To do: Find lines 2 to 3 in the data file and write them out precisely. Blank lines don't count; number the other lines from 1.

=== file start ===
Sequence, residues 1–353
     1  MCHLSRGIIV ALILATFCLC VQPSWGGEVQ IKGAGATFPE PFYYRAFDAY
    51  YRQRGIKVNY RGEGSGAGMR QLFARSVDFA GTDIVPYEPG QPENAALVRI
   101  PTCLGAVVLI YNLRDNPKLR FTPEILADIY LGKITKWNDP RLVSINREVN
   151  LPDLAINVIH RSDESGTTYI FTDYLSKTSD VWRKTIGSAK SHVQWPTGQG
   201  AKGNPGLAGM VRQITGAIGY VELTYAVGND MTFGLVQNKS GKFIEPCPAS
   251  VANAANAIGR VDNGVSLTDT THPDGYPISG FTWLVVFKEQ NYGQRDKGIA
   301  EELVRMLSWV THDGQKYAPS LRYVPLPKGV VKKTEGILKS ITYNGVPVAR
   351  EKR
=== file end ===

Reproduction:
     1  MCHLSRGIIV ALILATFCLC VQPSWGGEVQ IKGAGATFPE PFYYRAFDAY
    51  YRQRGIKVNY RGEGSGAGMR QLFARSVDFA GTDIVPYEPG QPENAALVRI